Title of document: Farmers’ adoption of pollution-free vegetable farming in China: Economic, informational, or moral motivation?

Authors: Ying Xiong,  Xiao Li , and Peng He

Ministry/Government Agency/Organisation: Agricultural Information and Rural Economy Institute, Sichuan Academy of Agricultural Sciences, Chengdu,P.R. Chin; Center for Rural Development Research, Sichuan Academy of Agricultural Sciences, Chengdu, P.R. China

Year of publication: 2016

Geographic focus: China

Summary:

Based on the survey data of 420 vegetable farmers in China, the logit model is used to analyze farmers’ adoption motivation of pollution-free vegetable farming and quantify the degree to which pollution-free vegetable farming is the result of economic benefits, information acquisition, moral obligation incentives or a combination of these motivations. The results reveal that besides the effects of non-farm income and vegetable acreage in farm characteristics, farmers’ adoption of pollution-free vegetable farming is mainly motivated by economic, informational and moral incentives. Specifically, pollution-free vegetable price, economic support from the governments, joining rural economic organizations and market supervision are verified to affect farmers’ adoption positively. Relative to the incentives from information acquisition and moral obligation, economic benefits play a greater role in promoting farmers’ pollution-free vegetable farming. Economic support from the governments has the biggest impact on adopting pollution-free vegetable farming. Therefore, pollution-free vegetable farming may be promoted towards a profit-driven way. Furthermore, it is necessary to explore a joint mechanism between farmers and rural economic organizations, and provide agricultural extension services with a joint goal of agri-food yield and safety. Market supervision also needs to be strengthened by improving relevant laws and rules and implementing them more strictly.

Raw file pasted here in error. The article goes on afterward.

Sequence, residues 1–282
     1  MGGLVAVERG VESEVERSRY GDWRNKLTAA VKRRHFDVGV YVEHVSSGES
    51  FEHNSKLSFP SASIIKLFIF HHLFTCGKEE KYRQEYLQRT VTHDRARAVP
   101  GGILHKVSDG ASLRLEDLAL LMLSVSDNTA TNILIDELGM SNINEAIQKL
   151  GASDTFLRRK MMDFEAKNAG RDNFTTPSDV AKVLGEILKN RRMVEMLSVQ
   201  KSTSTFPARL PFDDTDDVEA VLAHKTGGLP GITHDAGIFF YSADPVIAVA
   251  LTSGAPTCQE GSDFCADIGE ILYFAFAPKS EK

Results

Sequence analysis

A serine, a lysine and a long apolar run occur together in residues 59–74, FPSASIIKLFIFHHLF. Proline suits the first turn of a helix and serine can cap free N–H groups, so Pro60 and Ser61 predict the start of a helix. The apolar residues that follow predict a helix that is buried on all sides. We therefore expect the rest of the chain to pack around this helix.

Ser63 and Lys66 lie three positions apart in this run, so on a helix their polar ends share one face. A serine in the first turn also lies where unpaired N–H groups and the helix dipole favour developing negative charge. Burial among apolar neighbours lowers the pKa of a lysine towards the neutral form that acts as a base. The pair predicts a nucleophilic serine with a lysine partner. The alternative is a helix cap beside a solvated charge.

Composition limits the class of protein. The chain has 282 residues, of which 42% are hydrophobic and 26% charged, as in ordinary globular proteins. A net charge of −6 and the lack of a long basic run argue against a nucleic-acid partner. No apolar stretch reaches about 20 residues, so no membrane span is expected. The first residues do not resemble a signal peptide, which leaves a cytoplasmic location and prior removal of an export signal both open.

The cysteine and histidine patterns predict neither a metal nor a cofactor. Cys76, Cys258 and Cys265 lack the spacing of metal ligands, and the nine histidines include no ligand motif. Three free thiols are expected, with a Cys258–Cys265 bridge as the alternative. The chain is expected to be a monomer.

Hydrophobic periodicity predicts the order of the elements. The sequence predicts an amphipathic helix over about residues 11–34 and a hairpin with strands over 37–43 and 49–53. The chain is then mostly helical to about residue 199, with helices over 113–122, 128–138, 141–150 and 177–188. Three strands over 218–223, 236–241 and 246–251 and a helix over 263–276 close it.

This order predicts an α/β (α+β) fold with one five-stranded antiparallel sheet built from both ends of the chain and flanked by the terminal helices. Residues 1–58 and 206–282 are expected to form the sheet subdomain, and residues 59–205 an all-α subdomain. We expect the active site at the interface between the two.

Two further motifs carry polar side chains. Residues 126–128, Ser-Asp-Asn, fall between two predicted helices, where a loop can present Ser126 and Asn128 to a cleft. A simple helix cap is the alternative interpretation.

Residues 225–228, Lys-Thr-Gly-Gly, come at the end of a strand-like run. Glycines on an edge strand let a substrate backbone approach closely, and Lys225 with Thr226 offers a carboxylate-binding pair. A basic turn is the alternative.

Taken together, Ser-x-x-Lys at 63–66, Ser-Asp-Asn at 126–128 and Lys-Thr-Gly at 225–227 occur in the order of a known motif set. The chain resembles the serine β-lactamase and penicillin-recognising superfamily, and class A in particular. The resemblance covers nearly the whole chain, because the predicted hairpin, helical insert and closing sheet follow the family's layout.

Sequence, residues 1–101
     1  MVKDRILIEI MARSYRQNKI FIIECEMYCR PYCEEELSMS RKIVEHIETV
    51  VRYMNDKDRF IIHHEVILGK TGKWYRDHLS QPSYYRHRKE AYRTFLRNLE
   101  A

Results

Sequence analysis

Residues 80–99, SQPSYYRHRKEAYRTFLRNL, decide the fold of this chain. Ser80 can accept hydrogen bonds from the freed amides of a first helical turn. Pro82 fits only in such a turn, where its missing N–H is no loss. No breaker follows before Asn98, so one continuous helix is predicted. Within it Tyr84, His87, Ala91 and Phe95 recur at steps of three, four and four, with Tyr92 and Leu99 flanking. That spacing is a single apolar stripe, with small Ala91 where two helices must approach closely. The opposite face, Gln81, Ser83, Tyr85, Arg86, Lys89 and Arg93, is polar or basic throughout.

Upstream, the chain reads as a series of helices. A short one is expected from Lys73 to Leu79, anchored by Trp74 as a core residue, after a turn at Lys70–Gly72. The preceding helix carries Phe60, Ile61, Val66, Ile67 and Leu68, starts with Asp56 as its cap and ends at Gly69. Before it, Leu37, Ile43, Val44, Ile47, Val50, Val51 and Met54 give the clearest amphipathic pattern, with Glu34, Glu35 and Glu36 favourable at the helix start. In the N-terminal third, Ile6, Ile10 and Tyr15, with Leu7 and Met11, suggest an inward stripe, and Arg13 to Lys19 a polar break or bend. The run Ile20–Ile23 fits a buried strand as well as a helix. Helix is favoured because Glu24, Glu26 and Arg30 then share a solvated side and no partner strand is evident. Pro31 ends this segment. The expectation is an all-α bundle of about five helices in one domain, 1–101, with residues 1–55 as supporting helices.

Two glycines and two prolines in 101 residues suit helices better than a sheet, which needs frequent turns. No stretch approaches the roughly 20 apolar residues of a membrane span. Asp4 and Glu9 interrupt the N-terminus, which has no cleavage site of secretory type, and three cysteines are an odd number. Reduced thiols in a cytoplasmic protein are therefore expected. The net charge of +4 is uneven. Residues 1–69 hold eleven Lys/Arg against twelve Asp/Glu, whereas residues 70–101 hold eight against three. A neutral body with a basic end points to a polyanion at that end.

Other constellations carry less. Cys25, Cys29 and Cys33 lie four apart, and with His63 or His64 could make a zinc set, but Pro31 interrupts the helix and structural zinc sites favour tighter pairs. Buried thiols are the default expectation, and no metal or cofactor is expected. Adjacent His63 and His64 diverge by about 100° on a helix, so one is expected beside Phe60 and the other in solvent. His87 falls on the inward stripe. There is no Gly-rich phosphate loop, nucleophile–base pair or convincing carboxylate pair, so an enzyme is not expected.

This study contributes to identify the factors affecting farmers’ PFVF adoption. The results show that farmers are mainly motivated by multiple objectives including economic benefits, information acquisition and moral obligation. The research reveals that the assumption of economic motive alone may be inadequate in the understanding of farmers’ PFVF adoption. Pollution-free vegetable price, economic support from the governments, joining rural economic organizations, market supervision and vegetable acreage have significantly positive impacts on farmers’ adoption and the effect of non-farm income is significantly negative. Moreover, relative to the motivations of information acquisition and moral obligation, the incentives from economic benefits play a greater role.